We are excited to be part of one of the DreamUp Wisconsin finalist teams. We Care for Dane Kids proposes a multi-sector approach to make child care more affordable. TASC’s role in this project is to help more working parents take advantage of Dependent Care Flexible Spending Accounts—providing pre-tax savings to employers and employees. We look forward to the final pitch to Schmidt Futures this June.

Posted by: danielrashke | January 25, 2019

Giving is an Essential Activity

cfc logoThe Give Back Foundation (GBF) and TASC recently published an op-ed in the Federal Times, a news service for government managers. GBF chair Jeanan Yasiri Moe and TASC president Cliff Mason wrote about “How a federal charity program is coping with the shutdown.”

As Jeanan and Cliff noted, the partial government shutdown unfortunately occurred during the Combined Federal Campaign (CFC) giving period, which will have a profound impact on the services provided by charities supported by the federal government’s workplace giving program. Although about 75 percent of the government is still working, the Office of Personal Management (OPM) has suspended non-essential operations, including CFC activities.

I encourage you to read the full Federal Times article to learn why OPM recently approved an extension of the CFC giving period…and how the Give Back Foundation and TASC contributed to that decision.

We understand that many federal workers are struggling to pay bills because of the shutdown. Some may have to turn to charities for help during this difficult time. That means philanthropy is more essential than ever.

Our commitment to keeping the CFC campaign open allows those who have the capacity, capability and desire to give to do so. The support they provide to our country’s charitable organizations may have an even greater impact now than ever.

Posted by: danielrashke | January 4, 2019

Where There’s a Wish, There’s a Way

As if the honor of being named a 2019 Executive of the Year by Madison’s In Business magazine wasn’t enough, I recently had the opportunity to contribute to the article, “Madison’s execs wish big for 2019.” Kudos to In Business for encouraging business leaders to think beyond resolutions—which are so often forgotten—to instead focus on actionable goals to improve our organizations and our community.

My three wishes focus on the concentric circles of TASC, Dane County (the local community where our office is headquartered), and the community at large. Here I’ll expand upon the ideas noted in the In Business article.

    1. Improve the health, wealth and well-being of our customers, employees and community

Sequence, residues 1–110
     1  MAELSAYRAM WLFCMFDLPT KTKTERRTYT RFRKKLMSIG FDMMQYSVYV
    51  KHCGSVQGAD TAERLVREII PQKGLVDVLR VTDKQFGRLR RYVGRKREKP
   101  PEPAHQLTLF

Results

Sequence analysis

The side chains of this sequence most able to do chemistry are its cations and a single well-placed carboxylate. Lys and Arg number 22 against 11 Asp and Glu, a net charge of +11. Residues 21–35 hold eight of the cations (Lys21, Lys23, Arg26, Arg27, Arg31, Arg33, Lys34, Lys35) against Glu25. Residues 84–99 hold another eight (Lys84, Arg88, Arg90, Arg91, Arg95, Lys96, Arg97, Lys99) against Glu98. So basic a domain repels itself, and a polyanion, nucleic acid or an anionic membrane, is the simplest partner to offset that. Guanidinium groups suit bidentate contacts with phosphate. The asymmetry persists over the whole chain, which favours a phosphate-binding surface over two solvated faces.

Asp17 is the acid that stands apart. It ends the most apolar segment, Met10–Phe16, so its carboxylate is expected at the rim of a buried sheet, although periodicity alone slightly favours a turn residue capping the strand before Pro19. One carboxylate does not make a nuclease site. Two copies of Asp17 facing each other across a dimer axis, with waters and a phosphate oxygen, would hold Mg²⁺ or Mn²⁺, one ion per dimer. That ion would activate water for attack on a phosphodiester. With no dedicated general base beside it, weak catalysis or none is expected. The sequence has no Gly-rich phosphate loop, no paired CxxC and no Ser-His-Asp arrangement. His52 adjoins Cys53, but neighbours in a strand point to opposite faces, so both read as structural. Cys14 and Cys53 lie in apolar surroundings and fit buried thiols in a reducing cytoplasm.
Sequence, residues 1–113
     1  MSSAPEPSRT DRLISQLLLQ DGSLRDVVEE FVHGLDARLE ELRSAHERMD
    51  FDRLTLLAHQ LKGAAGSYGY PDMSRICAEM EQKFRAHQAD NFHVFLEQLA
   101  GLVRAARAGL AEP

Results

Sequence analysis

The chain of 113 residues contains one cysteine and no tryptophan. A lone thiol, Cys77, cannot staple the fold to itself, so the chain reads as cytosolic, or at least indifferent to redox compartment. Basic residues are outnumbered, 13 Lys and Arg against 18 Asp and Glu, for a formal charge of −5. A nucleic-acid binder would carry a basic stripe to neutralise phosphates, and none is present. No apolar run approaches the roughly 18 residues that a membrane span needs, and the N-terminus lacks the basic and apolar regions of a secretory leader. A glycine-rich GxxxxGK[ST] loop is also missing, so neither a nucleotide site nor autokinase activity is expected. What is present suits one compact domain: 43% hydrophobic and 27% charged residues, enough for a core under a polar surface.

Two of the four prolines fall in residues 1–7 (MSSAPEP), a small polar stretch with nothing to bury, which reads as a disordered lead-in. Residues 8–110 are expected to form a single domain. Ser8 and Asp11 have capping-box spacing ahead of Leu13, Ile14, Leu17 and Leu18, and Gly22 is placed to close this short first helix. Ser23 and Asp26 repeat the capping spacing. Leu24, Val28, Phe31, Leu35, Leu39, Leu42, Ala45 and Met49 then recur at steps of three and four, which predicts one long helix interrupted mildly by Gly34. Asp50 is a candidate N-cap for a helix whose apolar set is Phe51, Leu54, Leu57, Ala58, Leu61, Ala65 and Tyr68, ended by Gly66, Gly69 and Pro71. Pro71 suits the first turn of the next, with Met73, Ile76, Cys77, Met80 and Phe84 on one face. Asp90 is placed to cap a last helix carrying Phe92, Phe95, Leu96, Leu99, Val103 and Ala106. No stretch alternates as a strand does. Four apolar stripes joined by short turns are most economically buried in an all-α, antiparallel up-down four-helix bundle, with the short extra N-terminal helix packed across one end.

TASC lives this mission every year, but in 2019 we’ll do it bigger and better. We’re bringing to market a new technology system that will help our customers work smarter and faster. I’m not exaggerating when I say this upgrade will disrupt the benefits administration industry. Like so many others, the benefits industry has evolved in silos, fragmented by government policies, regulations and laws. TASC has designed a way to simplify unnecessary complexities. We’re excited to roll out this new model so we can all work smarter, easier and more connected.
    2. Schmidt Futures backing for We Care for Dane Kids
      Three Dane County initiatives have advanced to the final round of a challenge issued by Schmidt Futures with the lofty goal to increase the net income of 10,000 middle class households by 10% by 2020. The We Care for Dane Kids team (including Wisconsin Early Childhood Education, the University of Wisconsin, the City of Madison and others) proposed a comprehensive suite of investments into the child care system. TASC is championing a component that would boost tax savings for parents and employers, and we’ve recruited a few other Madison-area employers to show their support. As much as we’d like to see We Care for Dane Kids win the competition, we believe that any of the three initiatives will have a significant social and economic impact on our community.
    3. Legislative action on the Everyday Philanthropist Act
      Through The Greater Give, I’ll continue supporting The Everyday Philanthropist Act, a bipartisan bill that aims to democratize giving for all. Regular readers will recall that this bill was introduced in the House of Representatives in 2018. It will have to be reintroduced to the 116th Congress, whether as an independent idea or tucked into another bill. Additionally, we’re optimistic that a companion bill will be introduced in the Senate. Given the legislation’s broad bipartisan appeal and support, we’re looking forward to the implementation of pre-tax giving that will benefit working Americans, employers and charities across the nation.

As we embark on the new year, I’m inspired by the many opportunities ahead, here in Madison and beyond. Now it’s time to dig in and make these wishes come true.